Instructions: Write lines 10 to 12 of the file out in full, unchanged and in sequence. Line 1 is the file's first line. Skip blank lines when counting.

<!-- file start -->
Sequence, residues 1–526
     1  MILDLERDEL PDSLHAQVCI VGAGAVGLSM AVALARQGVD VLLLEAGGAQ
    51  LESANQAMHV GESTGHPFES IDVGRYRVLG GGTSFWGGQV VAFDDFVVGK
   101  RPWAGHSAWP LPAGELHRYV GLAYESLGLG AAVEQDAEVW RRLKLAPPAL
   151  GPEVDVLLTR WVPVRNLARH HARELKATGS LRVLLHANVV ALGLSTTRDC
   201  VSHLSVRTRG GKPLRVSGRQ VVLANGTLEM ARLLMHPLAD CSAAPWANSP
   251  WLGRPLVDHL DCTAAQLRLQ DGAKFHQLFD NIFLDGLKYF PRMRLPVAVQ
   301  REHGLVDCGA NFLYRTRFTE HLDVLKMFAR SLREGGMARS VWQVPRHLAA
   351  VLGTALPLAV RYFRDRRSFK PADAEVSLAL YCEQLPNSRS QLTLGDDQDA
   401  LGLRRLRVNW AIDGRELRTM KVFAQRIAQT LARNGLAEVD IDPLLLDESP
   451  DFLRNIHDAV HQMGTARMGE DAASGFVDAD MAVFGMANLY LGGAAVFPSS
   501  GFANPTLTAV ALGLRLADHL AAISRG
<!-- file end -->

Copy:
   401  LGLRRLRVNW AIDGRELRTM KVFAQRIAQT LARNGLAEVD IDPLLLDESP
   451  DFLRNIHDAV HQMGTARMGE DAASGFVDAD MAVFGMANLY LGGAAVFPSS
   501  GFANPTLTAV ALGLRLADHL AAISRG